In general, in the case of vehicles failing to stop at red traffic lights, the colour video camera 14 also frames the traffic light S itself to document the fact that the red light showed (hence the interest in the video camera 14 being in colour, a characteristic that is not in itself essential for the simple purpose of shooting a panoramic view of the intersection C).
As has already been said, in some application contexts it is necessary to install a number of video cameras of the two types. However, for simplicity of illustration, the case described henceforth, with no loss of generality, will be that of a single video camera 12 and a single video camera 14.
However they are installed (immediately adjacent to each other or at some distance) the two video cameras 12, 14 in practice coincide for application purposes since the field framed by the first is contained within the field framed by the second.
The distance between the video camera 12 and the vehicle V may vary between 10 and 20 metres. Generally, a specific infrared illuminator 12 a is associated to the video camera 12, and emits a wavelength within the range of sensitivity of the video camera 12, irradiating the scene in a stroboscopic manner synchronised with the sensor of the video camera.
Infrared is not visible and, in the spectrum between 700 and 1000 nm and at the power emitted to illuminate the license plate (approximately 3 mW), it is completely incapable of creating disturbance or harm to the human eye and thus does not involve the risk of dazzling drivers of vehicles, providing the system with maximum safety.
The sole use of non-visible and non-harmful IR illuminators and the use of video cameras of small size and of identical design to video-surveillance cameras makes the system innocuous and virtually imperceptible to the driver. Thanks to these characteristics the system cannot induce dangerous behaviour among drivers.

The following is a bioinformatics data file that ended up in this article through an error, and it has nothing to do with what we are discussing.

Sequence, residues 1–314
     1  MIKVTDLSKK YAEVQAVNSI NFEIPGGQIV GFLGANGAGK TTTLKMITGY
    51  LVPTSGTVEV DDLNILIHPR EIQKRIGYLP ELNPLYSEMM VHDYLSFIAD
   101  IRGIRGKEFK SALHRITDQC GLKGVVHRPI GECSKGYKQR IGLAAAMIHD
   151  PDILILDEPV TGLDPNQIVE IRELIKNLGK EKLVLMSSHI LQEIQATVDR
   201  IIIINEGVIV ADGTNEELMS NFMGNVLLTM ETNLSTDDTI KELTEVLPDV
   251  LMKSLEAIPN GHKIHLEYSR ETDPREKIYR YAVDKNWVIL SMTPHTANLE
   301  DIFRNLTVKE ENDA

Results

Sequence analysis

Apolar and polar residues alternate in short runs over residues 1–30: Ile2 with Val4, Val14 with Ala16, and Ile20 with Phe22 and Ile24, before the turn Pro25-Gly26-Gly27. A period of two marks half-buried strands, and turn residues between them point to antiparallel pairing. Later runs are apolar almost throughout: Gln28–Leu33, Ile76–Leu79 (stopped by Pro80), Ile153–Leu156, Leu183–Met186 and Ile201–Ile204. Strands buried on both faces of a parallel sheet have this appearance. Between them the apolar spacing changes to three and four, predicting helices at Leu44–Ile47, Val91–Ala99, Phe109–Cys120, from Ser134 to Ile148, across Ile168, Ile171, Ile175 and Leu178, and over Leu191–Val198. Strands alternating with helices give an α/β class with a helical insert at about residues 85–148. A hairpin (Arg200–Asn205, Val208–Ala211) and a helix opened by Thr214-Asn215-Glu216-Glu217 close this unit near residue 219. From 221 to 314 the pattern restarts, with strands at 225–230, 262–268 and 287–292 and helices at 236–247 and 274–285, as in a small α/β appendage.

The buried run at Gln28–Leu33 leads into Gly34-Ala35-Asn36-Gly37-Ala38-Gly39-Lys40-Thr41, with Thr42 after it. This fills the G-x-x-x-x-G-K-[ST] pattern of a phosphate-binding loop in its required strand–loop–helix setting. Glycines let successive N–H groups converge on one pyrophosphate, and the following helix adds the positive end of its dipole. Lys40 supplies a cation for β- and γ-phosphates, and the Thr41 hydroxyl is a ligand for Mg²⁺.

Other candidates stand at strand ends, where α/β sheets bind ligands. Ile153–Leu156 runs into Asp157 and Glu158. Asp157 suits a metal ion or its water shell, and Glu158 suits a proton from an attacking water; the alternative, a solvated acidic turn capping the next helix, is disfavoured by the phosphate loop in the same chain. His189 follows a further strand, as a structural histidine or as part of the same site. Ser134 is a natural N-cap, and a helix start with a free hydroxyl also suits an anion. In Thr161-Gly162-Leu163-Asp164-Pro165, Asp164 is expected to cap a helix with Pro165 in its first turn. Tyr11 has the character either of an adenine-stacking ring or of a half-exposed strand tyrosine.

The material from which vehicle license plates T are made possesses a high index of reflection including to infrared radiation, and this guarantees the perfect visibility of the vehicle license plate at any speed of transit and in all illumination and atmospheric conditions.
The acquisition time (shutter speed) of the video camera 12 is variable in a controlled manner depending on the luminosity reflected by the license plates T. The range of variability of the shutter of the video camera 12 can be configured and the upper limit, that is the longest exposure time the video camera 12 can use, is in any case extremely short and is calculated such that movement of the vehicle does not cause image blurring effects greater than the thickness of the characters on the image produced, and thus guarantees the license plate T will be legible.
Similarly, the shutter of the video camera 14 and the diaphragm of the lens automatically vary during the day, guaranteeing the entire image will always be clearly visible. The range of variability of the shutter of the video camera can be configured and the upper limit, that is the longest exposure time, is parametrised such that even during the night normal street lighting provides good visibility of the vehicle V and enables the zone through which it passes to be recognised.
It will be appreciated that the above adjustment functions are part of the current equipment of video cameras (including for use in the consumer sector), which makes it superfluous to provide a description in greater detail here.
The two video cameras 12 and 14 may have, at the same instant in time, different exposure times; in particular the video camera 14 may have a longer exposure time. In principle, this might compromise the absolute sharpness of the image (in colour) due to a slight blurring effect due to the movement of the vehicle V. But the longer exposure makes both the vehicle V and the area in which the violation occurs more easily recognisable.
The digital images acquired by the two video cameras 12 and 14 are provided (again according to what is now a current solution) with a time/date imprint that marks the exact instant at which the image was acquired in a manner that is difficult to modify. This enables images produced by different video cameras to be associated. Synchronisation of image acquisition, certified by said time/date imprints, guarantees they are simultaneous and thus that they refer to the same event.